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Stakeholders rally to end sales tax

Stakeholders rally to end sales tax

OLYMPIA, Wash. – After a small hiccup, a bill that exempts “mobility enhancing equipment for a complex needs patient” from the state sales tax passed the state legislature in April and was signed by the governor in May. 

S.B. 5218, sponsored by Sens. Mike Padden, R-4th district, Mark Mullet, D-5th district, and Nikki Torres, R-15th district, was passed unanimously in the state Senate and House. 

“Our lobbyist Abby Moore reports that there was a lot of support for the bill by both Senate and House members, with a good mix of both Republicans and Democrats,” said Barb Stockert, executive director of the Pacific Association for Medical Equipment Services (PAMES). “We had our fingers crossed.” 

In Washington state, the sales tax varies depending on the region. In Spokane, for example, it’s 9%, while in Seattle, it’s 11.1%. 

Earlier in the year, stakeholders and their champions had to tweak the language in the original version of the bill to clarify that the exemption applied to the people using the equipment, not to the equipment itself, per feedback from the state’s Department of Revenue.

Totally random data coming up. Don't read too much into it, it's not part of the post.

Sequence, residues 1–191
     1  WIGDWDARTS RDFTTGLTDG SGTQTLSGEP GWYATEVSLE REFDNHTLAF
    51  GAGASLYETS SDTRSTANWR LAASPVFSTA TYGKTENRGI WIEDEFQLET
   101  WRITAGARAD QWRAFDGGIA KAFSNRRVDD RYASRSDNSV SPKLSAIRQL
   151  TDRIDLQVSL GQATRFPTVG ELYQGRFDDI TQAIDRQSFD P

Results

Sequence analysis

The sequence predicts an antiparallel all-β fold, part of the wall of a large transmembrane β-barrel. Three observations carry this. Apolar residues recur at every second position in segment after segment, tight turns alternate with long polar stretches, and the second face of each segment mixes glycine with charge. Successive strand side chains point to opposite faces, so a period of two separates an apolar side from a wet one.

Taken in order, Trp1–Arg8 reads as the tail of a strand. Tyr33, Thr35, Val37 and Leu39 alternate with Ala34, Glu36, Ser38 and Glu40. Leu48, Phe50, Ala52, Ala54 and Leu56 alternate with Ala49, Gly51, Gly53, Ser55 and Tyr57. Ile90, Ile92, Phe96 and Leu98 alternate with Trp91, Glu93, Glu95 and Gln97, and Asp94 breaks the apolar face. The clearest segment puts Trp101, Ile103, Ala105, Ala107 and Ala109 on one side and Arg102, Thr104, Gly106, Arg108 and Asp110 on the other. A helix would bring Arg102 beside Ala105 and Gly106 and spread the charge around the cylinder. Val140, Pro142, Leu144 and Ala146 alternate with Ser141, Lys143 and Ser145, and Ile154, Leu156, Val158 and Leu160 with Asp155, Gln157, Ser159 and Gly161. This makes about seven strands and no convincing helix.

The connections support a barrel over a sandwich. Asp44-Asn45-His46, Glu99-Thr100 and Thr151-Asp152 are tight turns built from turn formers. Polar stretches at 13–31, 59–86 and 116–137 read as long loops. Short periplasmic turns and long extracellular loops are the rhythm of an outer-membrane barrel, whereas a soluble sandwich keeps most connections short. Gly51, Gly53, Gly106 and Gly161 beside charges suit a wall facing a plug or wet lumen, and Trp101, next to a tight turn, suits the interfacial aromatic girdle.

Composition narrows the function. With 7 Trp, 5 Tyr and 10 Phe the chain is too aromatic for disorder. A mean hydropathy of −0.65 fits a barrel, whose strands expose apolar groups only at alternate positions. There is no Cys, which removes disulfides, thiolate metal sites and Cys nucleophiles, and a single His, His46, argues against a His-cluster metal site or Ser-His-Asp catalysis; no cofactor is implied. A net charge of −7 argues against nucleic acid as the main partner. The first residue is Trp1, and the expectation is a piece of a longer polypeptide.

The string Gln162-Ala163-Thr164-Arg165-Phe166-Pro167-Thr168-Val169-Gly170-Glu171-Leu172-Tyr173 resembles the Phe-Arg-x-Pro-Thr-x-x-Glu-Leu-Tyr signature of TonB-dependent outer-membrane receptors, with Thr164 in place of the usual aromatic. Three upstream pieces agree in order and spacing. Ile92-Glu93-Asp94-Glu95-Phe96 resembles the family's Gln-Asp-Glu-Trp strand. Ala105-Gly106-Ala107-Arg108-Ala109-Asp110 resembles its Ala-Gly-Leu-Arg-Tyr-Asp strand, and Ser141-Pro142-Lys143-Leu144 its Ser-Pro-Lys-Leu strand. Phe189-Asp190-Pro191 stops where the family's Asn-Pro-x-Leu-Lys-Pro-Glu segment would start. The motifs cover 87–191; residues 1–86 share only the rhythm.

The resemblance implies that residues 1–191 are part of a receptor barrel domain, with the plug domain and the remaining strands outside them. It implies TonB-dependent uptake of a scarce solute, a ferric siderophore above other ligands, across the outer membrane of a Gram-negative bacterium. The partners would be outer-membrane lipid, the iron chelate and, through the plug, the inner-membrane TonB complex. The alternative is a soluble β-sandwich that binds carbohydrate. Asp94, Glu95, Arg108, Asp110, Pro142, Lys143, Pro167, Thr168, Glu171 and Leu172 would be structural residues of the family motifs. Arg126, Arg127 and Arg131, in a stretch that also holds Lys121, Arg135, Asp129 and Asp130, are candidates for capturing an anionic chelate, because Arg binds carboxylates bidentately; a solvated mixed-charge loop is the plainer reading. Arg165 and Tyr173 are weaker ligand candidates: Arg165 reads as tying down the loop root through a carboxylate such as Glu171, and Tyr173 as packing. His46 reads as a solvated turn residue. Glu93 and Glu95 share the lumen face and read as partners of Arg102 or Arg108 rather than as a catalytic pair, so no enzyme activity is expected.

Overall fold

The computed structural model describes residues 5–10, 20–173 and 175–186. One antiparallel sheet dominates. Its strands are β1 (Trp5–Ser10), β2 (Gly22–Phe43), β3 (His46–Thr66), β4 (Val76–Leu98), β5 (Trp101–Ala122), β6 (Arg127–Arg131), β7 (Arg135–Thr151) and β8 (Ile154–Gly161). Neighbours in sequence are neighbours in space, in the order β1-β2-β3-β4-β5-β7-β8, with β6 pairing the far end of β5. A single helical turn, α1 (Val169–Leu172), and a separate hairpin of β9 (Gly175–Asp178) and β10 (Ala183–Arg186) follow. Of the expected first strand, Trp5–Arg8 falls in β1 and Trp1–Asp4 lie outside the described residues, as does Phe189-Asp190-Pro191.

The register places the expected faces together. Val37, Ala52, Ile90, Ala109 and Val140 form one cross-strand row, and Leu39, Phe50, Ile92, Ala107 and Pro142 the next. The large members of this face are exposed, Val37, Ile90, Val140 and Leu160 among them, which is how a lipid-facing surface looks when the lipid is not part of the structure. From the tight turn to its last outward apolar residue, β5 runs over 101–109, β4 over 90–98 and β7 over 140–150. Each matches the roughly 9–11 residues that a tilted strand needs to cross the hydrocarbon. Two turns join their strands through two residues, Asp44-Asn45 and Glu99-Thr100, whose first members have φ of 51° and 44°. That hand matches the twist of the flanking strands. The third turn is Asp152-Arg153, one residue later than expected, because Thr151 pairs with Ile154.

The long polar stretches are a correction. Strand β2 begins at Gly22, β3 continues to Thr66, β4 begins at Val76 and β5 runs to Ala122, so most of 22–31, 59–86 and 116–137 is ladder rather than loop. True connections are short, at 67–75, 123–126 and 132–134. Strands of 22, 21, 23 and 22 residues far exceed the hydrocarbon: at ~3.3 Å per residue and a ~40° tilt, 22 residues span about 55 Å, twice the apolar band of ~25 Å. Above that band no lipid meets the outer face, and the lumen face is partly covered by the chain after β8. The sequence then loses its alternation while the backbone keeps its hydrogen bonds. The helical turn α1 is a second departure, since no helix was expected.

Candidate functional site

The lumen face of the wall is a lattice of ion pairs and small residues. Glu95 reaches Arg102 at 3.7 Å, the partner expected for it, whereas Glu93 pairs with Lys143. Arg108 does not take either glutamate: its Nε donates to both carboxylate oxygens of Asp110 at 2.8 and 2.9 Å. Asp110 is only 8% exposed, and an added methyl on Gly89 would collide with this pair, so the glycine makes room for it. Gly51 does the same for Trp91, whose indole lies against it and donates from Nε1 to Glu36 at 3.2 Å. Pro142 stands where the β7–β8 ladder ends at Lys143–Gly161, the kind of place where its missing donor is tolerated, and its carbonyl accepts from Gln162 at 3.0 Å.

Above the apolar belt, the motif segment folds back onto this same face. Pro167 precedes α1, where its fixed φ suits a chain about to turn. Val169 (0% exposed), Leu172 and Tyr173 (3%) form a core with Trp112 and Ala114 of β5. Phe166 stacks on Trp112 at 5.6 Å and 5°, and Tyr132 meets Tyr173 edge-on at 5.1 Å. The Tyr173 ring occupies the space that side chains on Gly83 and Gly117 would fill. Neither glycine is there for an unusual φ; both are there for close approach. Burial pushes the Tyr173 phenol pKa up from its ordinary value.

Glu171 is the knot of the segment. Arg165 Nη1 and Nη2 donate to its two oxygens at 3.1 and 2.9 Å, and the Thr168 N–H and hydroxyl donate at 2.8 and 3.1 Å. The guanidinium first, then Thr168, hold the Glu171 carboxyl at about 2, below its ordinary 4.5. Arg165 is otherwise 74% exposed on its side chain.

“How it’s going to work is, the purchaser has to provide the seller with a sales tax exemption certificate and the seller has to keep a copy of that certificate,” said Don Whitney, COO of Inland Medical & Rehab in Spokane, Wash. 

Stakeholders have made the case to legislators that the sales tax is increasingly impacting access to equipment in an environment where reimbursement is low, and costs are high. 

“We’ve lost 61 independents in the past decade just in Washington state,” he said. “The bottom line is, this would help a lot of companies stay in business.” 

Getting the bill this far was no small feat. 

“We came together at PAMES and reached out to members and manufacturers because we wanted to hire a lobbyist and we ended up raising $25,000 in two days,” Whitney said. 


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